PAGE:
Daily Archives: November 18, 2011

Time to Write

I guess there are a million reasons why I don’t write in this blog as often, and I can examine all of them, but most of the things I list will be excuses. The real reason is that I simply don’t make the time to sit down in front of the computer and let thoughts flow through my brain, into my fingers, pass through the keyboard, and land on the blog. I simply don’t make the time. Now, should I make the time? Yes, because I’ve been letting myself coast instead of truly examining my thoughts and behavior. I must live an examined life, so to speak. So, let’s take the time to think about things, even if my thoughts aren’t perfect.

I believe the Occupy movement is rather important — not just now, but in a historical sense. I’ve been reading Glenn Greenwald’s new book, and I’m getting angry about things I had let myself forget. (Why did I forget about telco immunity after illegal wiretapping? Probably a lack of agency, but that’s just an excuse.) His book shows how the elite escape the justice system in America. The US is controlled by an oligarchy, which isn’t bad in and of itself, but it becomes bad when these rulers aren’t constrained by the rule of law. Who is in this oligarchy? Government, corporate leaders, media? Because of the revolving door, there’s no meaningful distinction here. They’re all the same people, switching from job to job. So, when people argue about the blame in the financial crisis, whether it was government or corporate greed, it doesn’t really matter which is which because the people in both worlds are the same people. The Occupy movement is important because this is the first popular uprising against the financial elite. They control our government and act with impunity. They must be stopped. They are the 1% that are being talked about.

I don’t know if our government needs radical reform. I’m inclined to think that it doesn’t. One of the problems with monarchy is that it requires the right people — and more often than not, you’ll have the wrong people. I don’t know that democracy solves this problem. You still need the right people in power. (Plus, you need the rule of law.) So, I think rather than thinking about reform, it is essential to take out the people currently holding power. I won’t necessarily agree with the new people, but all I want is a respect for the rule of law and a hatred for the old rulers. Part of this will involve voting people out. We must also disinvest in evil companies, or at least demand better CEO’s. We must break the current political parties. We must turn off cable news. A revolution needs to sweep the oligarchy from power.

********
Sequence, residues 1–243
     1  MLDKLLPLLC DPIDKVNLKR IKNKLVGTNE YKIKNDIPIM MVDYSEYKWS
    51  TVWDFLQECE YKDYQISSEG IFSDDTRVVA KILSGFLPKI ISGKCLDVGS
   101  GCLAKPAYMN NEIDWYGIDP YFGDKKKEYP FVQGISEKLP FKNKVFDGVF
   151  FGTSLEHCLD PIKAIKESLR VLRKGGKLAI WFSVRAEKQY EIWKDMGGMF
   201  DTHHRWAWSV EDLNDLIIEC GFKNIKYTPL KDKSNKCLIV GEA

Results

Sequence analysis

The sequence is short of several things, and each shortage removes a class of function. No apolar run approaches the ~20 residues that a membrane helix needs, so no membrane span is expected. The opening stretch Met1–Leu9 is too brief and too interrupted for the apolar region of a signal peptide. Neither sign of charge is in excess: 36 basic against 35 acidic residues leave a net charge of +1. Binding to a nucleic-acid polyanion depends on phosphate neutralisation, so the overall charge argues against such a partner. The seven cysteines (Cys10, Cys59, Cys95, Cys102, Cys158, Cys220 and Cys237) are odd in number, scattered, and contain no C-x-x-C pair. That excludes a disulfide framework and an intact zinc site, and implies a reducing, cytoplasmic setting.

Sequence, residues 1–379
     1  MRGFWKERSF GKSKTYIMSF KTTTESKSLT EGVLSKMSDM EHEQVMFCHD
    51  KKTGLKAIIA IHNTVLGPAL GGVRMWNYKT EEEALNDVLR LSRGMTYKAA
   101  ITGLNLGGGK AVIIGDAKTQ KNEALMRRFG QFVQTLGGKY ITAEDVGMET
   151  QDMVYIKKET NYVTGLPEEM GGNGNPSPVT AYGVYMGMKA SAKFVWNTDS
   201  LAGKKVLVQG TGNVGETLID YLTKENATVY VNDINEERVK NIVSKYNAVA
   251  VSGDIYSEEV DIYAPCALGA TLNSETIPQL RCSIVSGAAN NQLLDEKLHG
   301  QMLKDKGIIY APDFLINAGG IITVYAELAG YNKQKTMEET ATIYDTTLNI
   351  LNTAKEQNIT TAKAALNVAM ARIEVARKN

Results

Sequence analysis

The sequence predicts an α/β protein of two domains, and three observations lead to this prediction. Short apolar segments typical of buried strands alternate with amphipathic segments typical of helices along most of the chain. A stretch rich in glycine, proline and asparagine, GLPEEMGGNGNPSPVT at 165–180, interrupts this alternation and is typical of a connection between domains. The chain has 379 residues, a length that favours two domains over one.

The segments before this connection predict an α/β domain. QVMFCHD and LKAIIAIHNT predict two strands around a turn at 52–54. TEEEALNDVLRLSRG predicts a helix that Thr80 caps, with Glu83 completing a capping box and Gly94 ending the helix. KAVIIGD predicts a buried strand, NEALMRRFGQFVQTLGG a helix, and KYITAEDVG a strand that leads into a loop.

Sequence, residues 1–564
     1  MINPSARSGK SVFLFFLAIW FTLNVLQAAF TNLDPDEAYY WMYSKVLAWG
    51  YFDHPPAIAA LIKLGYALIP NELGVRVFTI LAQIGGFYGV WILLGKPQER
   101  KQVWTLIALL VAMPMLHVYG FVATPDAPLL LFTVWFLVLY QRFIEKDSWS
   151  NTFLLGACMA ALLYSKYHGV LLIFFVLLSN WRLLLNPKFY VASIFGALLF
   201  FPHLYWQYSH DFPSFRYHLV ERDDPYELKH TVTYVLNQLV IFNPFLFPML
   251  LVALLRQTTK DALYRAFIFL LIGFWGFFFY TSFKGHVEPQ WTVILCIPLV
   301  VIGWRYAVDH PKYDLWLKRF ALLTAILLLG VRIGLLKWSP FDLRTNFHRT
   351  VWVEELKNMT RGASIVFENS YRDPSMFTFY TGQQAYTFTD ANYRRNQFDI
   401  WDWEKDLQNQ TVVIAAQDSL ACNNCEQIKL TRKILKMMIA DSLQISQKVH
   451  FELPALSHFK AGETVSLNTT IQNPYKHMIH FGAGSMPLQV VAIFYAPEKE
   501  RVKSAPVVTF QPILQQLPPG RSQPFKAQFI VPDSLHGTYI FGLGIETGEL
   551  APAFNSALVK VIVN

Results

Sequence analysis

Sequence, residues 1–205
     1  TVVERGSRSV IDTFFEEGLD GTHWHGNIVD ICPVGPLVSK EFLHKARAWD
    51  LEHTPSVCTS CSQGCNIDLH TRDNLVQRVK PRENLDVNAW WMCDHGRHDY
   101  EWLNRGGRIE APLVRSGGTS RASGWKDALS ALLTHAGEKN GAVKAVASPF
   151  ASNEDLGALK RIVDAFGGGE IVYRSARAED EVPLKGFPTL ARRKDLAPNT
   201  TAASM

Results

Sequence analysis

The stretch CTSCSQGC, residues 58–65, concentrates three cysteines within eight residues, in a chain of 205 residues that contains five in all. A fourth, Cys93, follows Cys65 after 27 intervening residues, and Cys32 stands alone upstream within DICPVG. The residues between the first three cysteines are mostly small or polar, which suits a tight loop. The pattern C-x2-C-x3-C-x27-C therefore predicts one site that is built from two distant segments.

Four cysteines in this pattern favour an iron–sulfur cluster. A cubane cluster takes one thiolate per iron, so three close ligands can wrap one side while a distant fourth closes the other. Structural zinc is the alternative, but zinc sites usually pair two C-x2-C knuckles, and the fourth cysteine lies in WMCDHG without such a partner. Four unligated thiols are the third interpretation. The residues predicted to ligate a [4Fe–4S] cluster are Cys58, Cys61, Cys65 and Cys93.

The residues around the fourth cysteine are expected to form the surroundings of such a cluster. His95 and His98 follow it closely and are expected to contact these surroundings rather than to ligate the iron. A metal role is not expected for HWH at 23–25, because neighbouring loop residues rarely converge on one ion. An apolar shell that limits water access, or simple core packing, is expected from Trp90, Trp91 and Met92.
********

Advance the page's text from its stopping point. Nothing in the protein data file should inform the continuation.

There is another thing we can do, which is rather controversial: Resort to violence. It’s odd to find myself ambivalent about violence. So, I’ll talk through the reasons for violence. The fact is that the bankers are guilty of fraud and bringing down the economy. Instead of facing justice for crimes, they got big bonuses. Bullshit. If you go back a hundred years and further, these people would have been tarred, feathered, and run out of town. Perhaps justice can be done — if the mob carries it out instead of the courts. Oddly enough, when I discuss this with people — suggesting that instead of setting up encampments or protesting, the aggrieved burn down mansions, my suggestions face less pushback than I would expect. People seem less afraid of the idea than I do myself.

The only thing holding me back is that I wouldn’t do this myself. I couldn’t actually lead a mob, hold a torch, and light someone’s house on fire — even after all the nasty things they’ve done. Thus, I can’t put my money where my mouth is. So, I have no business advocating what I wouldn’t do myself. I hope that this sentiment comes from an inner civility and conscience, not from a lack of courage.

I can still promote all the things I mentioned earlier. I still want these people punished. I want their reputations tattered and their power taken away. I want them disgraced. And, once that has happened, I want their crimes prosecuted.

I don’t believe it will fix all our problems, but I do believe it is a good start in restoring the rule of law and restoring power to the people of America.